Last Wednesday saw an inspiring collaboration between Excite, the Poetry’s Society’s Stanza group in Exeter, and Roots Theatre, a group of Drama students who devised their final degree performance especially for the opening day of Topsham Museum’s new season. The Drama students used the Museum’s rooms full of period furniture and artefacts as well as a selection of poems submitted by Excite members to weave together a tense family drama exploring old relationships and class divisions while harbouring a secret …. in which we, the guests, became almost involved as unexpected party guests, waiting with the actors for the arrival of the mysterious Vera. An inventive touch was that half the audience saw one side of the story in two different rooms while the other half saw a different side of the story in two other rooms with the actors swapping places between the scenes.
Here is where I have to admit that four of the poems were actually mine (!) and the actors later explained how they had made use of them and others as a stimulus to both invent the story and to fill out their script. Someone in the audience said it was well-nigh impossible to tell where the script became the poem.
What struck me, apart from the astonishing frisson of hearing my own poem spoken by someone else, was how the poem meant one thing to me but how they had been able to use the poem in a different context. The poems fleshed out and held important moments in the play, for instance Jennie Osborne’s poem Rose Bowl focussed on a poignant insight in the kitchen scene while my The Last Photograph ended the play, showing the close ties between two very different siblings.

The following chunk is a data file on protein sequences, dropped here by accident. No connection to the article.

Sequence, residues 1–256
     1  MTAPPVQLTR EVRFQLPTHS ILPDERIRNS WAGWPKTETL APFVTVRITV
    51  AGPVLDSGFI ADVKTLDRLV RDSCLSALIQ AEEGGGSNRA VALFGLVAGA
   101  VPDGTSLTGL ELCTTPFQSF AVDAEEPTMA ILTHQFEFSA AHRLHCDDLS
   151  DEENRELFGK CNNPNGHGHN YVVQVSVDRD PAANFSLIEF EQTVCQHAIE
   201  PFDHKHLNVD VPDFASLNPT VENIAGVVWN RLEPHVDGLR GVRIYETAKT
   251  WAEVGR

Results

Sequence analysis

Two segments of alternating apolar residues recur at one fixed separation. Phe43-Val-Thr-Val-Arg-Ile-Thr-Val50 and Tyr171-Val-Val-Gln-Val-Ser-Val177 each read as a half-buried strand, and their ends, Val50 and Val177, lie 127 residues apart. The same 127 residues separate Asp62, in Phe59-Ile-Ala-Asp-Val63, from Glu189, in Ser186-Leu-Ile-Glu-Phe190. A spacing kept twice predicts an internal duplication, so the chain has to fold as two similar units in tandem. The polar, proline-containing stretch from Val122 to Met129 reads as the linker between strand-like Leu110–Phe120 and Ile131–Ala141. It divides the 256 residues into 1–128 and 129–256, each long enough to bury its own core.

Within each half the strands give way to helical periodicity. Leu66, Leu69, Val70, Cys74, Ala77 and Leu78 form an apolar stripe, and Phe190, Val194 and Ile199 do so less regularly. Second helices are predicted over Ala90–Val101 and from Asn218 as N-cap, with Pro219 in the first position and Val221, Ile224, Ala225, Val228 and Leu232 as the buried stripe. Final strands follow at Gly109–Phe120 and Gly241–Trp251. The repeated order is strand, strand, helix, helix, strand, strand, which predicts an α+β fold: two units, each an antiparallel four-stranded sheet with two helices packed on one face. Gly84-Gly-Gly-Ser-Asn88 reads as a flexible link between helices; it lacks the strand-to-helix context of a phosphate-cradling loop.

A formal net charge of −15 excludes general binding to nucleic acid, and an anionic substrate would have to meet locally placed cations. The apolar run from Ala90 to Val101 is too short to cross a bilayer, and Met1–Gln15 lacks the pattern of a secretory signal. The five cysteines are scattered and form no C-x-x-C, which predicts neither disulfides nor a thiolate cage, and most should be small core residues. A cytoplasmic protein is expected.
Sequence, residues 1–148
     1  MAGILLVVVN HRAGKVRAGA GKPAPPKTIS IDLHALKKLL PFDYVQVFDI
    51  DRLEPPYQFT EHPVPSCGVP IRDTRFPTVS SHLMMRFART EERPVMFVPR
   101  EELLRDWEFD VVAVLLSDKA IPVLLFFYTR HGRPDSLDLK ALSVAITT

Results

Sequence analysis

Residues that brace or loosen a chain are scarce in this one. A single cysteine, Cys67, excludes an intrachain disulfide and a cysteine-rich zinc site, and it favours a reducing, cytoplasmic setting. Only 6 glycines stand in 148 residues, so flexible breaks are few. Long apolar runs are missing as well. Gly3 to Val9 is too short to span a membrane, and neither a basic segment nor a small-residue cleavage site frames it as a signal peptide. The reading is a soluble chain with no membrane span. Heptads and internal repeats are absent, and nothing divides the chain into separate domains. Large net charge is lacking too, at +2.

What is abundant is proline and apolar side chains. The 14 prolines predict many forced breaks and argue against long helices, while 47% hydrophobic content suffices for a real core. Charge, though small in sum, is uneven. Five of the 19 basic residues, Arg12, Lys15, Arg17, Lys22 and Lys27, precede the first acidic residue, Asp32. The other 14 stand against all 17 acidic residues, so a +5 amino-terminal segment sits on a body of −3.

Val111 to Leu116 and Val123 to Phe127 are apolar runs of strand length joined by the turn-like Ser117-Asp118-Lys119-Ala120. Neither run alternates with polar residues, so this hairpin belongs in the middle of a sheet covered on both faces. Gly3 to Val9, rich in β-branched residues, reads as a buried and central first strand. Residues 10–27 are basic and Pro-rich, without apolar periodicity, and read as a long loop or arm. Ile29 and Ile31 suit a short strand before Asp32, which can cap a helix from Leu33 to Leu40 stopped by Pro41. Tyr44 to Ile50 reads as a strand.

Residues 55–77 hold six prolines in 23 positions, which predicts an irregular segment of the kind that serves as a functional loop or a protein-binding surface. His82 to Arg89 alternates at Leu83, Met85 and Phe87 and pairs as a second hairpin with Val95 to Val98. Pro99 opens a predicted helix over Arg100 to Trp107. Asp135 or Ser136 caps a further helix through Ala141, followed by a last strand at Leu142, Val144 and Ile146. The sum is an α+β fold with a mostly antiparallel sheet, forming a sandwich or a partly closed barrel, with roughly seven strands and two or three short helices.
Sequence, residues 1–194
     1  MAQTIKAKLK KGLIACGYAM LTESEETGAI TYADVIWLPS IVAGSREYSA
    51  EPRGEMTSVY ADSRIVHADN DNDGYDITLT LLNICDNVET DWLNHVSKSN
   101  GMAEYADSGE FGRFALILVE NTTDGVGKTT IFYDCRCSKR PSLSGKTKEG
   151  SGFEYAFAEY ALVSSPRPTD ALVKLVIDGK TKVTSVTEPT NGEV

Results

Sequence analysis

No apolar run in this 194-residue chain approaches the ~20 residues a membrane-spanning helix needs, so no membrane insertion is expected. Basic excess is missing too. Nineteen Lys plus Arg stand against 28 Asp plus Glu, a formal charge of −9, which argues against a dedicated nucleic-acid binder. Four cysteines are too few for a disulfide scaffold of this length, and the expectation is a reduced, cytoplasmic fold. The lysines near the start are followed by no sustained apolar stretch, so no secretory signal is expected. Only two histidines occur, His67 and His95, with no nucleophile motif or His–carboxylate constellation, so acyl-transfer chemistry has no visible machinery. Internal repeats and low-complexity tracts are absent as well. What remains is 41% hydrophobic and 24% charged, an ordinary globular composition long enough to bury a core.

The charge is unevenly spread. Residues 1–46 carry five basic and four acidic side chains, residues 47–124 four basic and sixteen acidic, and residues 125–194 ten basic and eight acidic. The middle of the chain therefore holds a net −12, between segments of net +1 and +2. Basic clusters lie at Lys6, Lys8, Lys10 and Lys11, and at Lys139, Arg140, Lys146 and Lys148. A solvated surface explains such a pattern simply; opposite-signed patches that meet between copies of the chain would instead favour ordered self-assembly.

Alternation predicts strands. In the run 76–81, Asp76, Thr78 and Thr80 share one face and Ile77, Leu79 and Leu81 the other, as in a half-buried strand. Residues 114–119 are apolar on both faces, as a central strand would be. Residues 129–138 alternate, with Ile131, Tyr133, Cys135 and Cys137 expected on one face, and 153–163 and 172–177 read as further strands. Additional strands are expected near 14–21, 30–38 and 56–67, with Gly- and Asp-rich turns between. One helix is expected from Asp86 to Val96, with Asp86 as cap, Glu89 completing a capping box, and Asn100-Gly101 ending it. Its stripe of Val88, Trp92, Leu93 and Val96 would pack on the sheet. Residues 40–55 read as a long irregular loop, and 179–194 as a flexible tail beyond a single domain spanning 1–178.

I would like to commend the talented students involved – Lili, Katherine, Felicity, Isabel, David and John and wish them well in their futures. Such a brilliant idea and gives much food for thought. I think my own perspective on my writing life has been subtly changed by the insights this has given me for which I am very grateful.
Topsham Museum, by the way, is well worth a visit with its new exhibition on Topsham Families and is, remarkably, free.